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College, Unemployment and Finding Work: 10 Ways to DIVERSIFY!

Updated on July 25, 2013

Don't Ever Feel Like This!

Avoid post-collegiate unemployment
Avoid post-collegiate unemployment | Source

The Promise.

The jig is up with higher education.

I will never forget one statistic. It came in a meeting with the sweet, endearing academic advisor of a top-ranked public administration program. The statistic: 99%. It applied to professional job placement after receiving the number 3 ranked degree in the nation for city management.


After several cups of coffee, a seat in a comfortable leather chair, and a few free candies from her jar I was sold.


They had me at 99%

The Letdown.

As a proud member of generation Y, I had been told from a youth "go to college, get good grades, go to graduate school, and a professional degree is better."

The MPA is considered a professional degree. I got my good grades, kept my head down, and graduated.

To no job. For two years. I had been employed before attending school.

When I get a Delorean, I'm going full Marty McFly back into that meeting to tell myself the following:

The WARNING

I, unfortunately, would have had to give myself, and you some bad news.

The unemployment rate for recent graduates is 7.9%. That statistic can be misleading. This doesn't include the underemployed (engineers turned fry cooks), part-time employment, self-employment, people who were given a job in a family business, and is disproportionally high if you have no hard skills.

Individuals with no college had double the unemployment rate.

College loans are more costly than ever, with congress approving an interest rate hike on stafford loans and reductions in map grants.


Additionally, although you may have been raised to believe that the college degree is the most important tool in staying on a route to the corner office instead of the breadline, it is not. The link below, by time, indicates that experience is held in much higher regard by hiring executives.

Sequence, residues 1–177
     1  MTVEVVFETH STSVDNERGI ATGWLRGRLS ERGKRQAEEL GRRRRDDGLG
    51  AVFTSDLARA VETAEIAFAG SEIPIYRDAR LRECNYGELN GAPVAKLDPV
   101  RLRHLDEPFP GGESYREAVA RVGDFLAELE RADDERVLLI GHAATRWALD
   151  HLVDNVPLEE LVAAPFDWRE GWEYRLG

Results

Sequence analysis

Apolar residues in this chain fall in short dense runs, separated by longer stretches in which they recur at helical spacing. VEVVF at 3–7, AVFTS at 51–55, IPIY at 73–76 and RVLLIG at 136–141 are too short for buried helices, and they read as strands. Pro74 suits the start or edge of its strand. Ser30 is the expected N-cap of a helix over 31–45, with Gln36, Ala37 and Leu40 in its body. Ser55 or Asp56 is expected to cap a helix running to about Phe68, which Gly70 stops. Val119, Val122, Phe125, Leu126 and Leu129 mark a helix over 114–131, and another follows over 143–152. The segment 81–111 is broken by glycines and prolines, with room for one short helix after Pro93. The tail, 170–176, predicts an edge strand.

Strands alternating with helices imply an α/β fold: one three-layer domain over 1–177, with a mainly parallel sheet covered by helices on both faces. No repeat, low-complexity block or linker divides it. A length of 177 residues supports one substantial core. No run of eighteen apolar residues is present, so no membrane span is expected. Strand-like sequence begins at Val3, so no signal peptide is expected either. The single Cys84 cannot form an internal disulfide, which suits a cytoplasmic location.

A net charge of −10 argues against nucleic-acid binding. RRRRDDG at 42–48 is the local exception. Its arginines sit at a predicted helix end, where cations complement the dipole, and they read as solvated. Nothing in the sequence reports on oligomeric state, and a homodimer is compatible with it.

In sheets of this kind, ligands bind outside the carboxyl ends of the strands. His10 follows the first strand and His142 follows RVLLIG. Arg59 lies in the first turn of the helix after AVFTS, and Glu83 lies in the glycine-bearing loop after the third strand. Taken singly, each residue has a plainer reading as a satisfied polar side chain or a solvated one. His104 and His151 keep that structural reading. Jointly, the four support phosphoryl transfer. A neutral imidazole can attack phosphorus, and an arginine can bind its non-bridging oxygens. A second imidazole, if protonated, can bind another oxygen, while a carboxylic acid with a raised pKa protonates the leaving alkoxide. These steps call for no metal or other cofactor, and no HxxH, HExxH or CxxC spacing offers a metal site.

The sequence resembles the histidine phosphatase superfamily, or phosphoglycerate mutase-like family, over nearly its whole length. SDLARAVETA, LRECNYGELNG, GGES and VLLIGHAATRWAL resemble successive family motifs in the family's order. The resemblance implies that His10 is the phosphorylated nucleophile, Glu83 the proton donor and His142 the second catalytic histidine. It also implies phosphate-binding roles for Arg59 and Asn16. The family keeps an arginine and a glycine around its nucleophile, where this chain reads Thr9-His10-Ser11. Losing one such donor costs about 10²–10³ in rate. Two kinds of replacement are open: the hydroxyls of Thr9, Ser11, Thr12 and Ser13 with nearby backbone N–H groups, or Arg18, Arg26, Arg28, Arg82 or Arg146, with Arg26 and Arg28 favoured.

They're already painfully aware of how out of touch our higher education system is with the skills and maturity needed to succeed in real life.

You Are Your Greatest Investment: Diversify!

I see the issue as being relatively simple: too many young workers (especially our smartest) have chosen the safe bet, and the market for a 40 hour a week, 401k, "stable" job has become over-saturated.

My degree is administrative, like many others that are popular during this era (MBA, Public Health, Healthcare Admin., Park District Management, Retail Management, Planning). This means if someone that combs through 200 resumes per posting thinks your degree does not have loads of value, you're going to be stuck with Mom for another 10 years. And I haven't even said a word about liberal arts degrees yet (no offense, I've seen them work occasionally).

What was a safe bet, is no longer.

Many high risk propositions are actually a better play.

10 Options for Diversification

I do not believe there is a one size fits all solution for everyone. Here, however, are options for you.

  1. Go ahead with higher education, but ask yourself the key questions. Can I practice this skill without being hired? What are the 3, 5, 10, and 25 year outlooks for my profession? How diverse is my skill set? What does the competition look like? The yes or no decision is much more complex than "school will rescue me from certain death."